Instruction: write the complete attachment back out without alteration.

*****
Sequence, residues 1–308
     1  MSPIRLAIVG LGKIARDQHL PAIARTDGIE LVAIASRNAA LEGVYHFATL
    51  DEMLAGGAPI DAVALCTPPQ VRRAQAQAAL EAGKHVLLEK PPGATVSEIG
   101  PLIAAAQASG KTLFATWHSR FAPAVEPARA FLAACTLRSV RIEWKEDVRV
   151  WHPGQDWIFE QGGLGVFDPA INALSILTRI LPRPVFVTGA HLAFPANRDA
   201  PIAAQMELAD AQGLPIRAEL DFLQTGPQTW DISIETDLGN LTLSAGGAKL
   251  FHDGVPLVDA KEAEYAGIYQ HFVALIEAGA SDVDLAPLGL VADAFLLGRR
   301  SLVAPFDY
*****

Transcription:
Sequence, residues 1–308
     1  MSPIRLAIVG LGKIARDQHL PAIARTDGIE LVAIASRNAA LEGVYHFATL
    51  DEMLAGGAPI DAVALCTPPQ VRRAQAQAAL EAGKHVLLEK PPGATVSEIG
   101  PLIAAAQASG KTLFATWHSR FAPAVEPARA FLAACTLRSV RIEWKEDVRV
   151  WHPGQDWIFE QGGLGVFDPA INALSILTRI LPRPVFVTGA HLAFPANRDA
   201  PIAAQMELAD AQGLPIRAEL DFLQTGPQTW DISIETDLGN LTLSAGGAKL
   251  FHDGVPLVDA KEAEYAGIYQ HFVALIEAGA SDVDLAPLGL VADAFLLGRR
   301  SLVAPFDY